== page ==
Dr Augustine Njamnshi Statement on the Africa Environment and Wangari Maathai Day Convened under the theme “Circularity as a Solution to tackling Climate Change, Biodiversity Loss and Pollution”

Nairobi, February 29, 2024

H.E. AMB. JOSEFA SACKO, Commissioner for Agriculture, Rural Development, Blue Economy and Sustainable Environment

 

HON. SOIPAN TUYA, Cabinet Secretary, Ministry of Environment, Climate Change & Forestry, Kenya

 

Dr. Eliane Ubalijoro, CEO, CIFOR-ICRAF and Director General, ICRAF

 

Mr. Harsen Nyambe, Director, Sustainable Environment and Blue Economy, Africa Union Commission

 

Dr. Peter Minang, Director for Africa, CIFOR-ICRAF

 

Dr. Cyrille-Lazare Siewe, Kenya Country Office Director, United Nations Environment Programme (UNEP)

 

Dr. Philip Osano, Centre Director, Stockholm Environment Institute (SEI) Africa

 

Nyaguthii Chege, Chairperson, Board of Directors, The Green Belt Movement

 

Representatives from Governments, Intergovernmental Institutions, Non state Actors, Civil Society and other Groups; 

 

Distinguished Ladies and Gentlemen; 

 

It gives me great pleasure to address you during this important stock take moment for both Africa and in deed the world in assessing progress made in addressing climate change and environmental issues and the road ahead.

The Africa Environment and Wangari Maathai Day, happening on the Margins of the Sixth Session of the United Nations Environment Assembly (UNEA-6) provides an opportunity for Africa to recalibrate its approaches in addressing the triple planetary crisis and more important examine the space of circularity in addressing these challenges. Since UNEA6 is taking place in UN Complex, just a stone throw from here, it is a perfect moment to reflect both on our theme and recast our conversation in the global space and shape effective, inclusive and sustainable multilateral actions to tackle climate change, biodiversity loss and pollution in line with UNEA -6 theme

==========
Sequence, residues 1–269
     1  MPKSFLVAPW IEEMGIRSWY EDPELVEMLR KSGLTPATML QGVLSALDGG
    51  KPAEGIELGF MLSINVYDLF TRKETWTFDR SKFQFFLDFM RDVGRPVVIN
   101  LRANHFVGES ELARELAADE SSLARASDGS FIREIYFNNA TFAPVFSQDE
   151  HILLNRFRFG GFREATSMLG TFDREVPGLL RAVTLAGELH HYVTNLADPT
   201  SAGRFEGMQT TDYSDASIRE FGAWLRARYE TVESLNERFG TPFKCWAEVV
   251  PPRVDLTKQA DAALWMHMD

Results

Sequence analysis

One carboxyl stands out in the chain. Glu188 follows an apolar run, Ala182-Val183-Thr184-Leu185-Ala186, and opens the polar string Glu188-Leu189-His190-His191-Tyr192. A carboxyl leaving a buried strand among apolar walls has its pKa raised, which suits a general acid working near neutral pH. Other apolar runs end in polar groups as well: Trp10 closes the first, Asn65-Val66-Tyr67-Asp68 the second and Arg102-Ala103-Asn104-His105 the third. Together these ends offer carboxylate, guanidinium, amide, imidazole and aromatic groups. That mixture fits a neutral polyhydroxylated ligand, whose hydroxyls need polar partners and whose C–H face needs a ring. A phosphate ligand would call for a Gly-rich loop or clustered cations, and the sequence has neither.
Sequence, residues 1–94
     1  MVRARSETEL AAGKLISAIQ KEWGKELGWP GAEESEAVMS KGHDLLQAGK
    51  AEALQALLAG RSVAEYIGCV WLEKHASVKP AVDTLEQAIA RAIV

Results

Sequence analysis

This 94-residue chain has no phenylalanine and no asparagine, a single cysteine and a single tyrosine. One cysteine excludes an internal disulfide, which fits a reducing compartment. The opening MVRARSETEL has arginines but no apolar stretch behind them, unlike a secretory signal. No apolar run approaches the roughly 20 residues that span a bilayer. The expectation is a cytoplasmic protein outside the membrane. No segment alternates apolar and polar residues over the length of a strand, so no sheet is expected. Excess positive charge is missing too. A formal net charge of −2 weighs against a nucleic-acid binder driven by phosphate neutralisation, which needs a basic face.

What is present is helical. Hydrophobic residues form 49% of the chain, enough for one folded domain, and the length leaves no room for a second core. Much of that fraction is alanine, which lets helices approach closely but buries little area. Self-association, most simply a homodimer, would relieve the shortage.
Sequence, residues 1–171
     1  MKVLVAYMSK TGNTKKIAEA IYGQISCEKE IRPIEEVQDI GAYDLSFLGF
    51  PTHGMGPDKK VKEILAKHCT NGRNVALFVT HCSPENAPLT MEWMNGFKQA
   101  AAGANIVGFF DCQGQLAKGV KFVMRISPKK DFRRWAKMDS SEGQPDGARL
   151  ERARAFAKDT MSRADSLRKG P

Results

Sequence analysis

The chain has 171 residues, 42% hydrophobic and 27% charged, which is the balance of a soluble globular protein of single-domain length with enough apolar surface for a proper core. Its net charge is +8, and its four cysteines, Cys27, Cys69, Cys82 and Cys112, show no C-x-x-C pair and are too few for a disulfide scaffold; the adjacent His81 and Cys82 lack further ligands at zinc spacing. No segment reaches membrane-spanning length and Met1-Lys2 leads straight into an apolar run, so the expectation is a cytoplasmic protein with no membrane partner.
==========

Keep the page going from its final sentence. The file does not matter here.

With our commemorative moment being organized under the theme of ‘Circularity as a Solution to tackling Climate Change, Biodiversity Loss and Pollution’ this gives us a broad latitude to discuss and formulate transformative recommendations for addressing the triple planetary crisis.

This event aims at contributing to galvanizing a critical mass of stakeholders capable of catalyzing broad support for pro-poor, just, equitable, locally-led and science-based decisions in responding to the triple planetary crisis of pollution, climate change and biodiversity loss through circularity. The event provides a perfect opportunity for practitioners to robustly engage with experts in related disciplines, and leaders drawn from diverse backgrounds to internalize key persuasions of relevant application at the local level and in international processes.

Ladies and gentlemen,

We are holding this summit against a backdrop of a continent struggling with the burden of adverse climate change impacts, the growing challenge of waste pollution that is matched with extractivism activities and the degradation of ecosystems with attendant biodiversity loss.

Further, as we converge today, we are clear that foreign interests continue to dictate the agenda on biodiversity conservation and more importantly how African communities relate to land and natural resources.

Allow me to draw to your attention to the fact that we are alarmed by the pace at which natural resources, and particularly transitional minerals are being appropriated and extracted in Africa without deeper consideration of their finite nature, Africa’s needs and the room for recycling these, among other natural resources used in our value chains